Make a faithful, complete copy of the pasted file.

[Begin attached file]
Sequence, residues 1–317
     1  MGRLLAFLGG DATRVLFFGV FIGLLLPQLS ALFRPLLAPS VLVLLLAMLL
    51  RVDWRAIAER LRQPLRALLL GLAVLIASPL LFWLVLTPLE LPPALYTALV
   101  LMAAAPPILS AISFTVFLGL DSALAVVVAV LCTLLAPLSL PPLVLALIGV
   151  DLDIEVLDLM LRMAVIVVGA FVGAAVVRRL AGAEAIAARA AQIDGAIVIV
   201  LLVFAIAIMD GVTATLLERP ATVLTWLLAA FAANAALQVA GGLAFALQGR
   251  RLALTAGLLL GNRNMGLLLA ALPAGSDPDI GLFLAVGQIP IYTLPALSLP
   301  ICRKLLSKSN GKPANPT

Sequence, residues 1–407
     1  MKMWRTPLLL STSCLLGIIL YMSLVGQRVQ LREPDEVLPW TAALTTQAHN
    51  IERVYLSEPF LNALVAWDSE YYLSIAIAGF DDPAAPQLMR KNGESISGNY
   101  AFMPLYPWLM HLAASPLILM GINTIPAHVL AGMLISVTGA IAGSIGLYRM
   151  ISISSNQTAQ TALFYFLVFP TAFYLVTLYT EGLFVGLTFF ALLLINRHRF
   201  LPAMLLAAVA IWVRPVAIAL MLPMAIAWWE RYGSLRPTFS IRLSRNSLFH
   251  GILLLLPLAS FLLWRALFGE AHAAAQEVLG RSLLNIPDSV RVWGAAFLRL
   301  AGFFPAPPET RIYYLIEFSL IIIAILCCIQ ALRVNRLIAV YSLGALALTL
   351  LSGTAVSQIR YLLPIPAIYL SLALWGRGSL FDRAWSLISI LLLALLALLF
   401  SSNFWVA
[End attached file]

Sequence, residues 1–317
     1  MGRLLAFLGG DATRVLFFGV FIGLLLPQLS ALFRPLLAPS VLVLLLAMLL
    51  RVDWRAIAER LRQPLRALLL GLAVLIASPL LFWLVLTPLE LPPALYTALV
   101  LMAAAPPILS AISFTVFLGL DSALAVVVAV LCTLLAPLSL PPLVLALIGV
   151  DLDIEVLDLM LRMAVIVVGA FVGAAVVRRL AGAEAIAARA AQIDGAIVIV
   201  LLVFAIAIMD GVTATLLERP ATVLTWLLAA FAANAALQVA GGLAFALQGR
   251  RLALTAGLLL GNRNMGLLLA ALPAGSDPDI GLFLAVGQIP IYTLPALSLP
   301  ICRKLLSKSN GKPANPT

Sequence, residues 1–407
     1  MKMWRTPLLL STSCLLGIIL YMSLVGQRVQ LREPDEVLPW TAALTTQAHN
    51  IERVYLSEPF LNALVAWDSE YYLSIAIAGF DDPAAPQLMR KNGESISGNY
   101  AFMPLYPWLM HLAASPLILM GINTIPAHVL AGMLISVTGA IAGSIGLYRM
   151  ISISSNQTAQ TALFYFLVFP TAFYLVTLYT EGLFVGLTFF ALLLINRHRF
   201  LPAMLLAAVA IWVRPVAIAL MLPMAIAWWE RYGSLRPTFS IRLSRNSLFH
   251  GILLLLPLAS FLLWRALFGE AHAAAQEVLG RSLLNIPDSV RVWGAAFLRL
   301  AGFFPAPPET RIYYLIEFSL IIIAILCCIQ ALRVNRLIAV YSLGALALTL
   351  LSGTAVSQIR YLLPIPAIYL SLALWGRGSL FDRAWSLISI LLLALLALLF
   401  SSNFWVA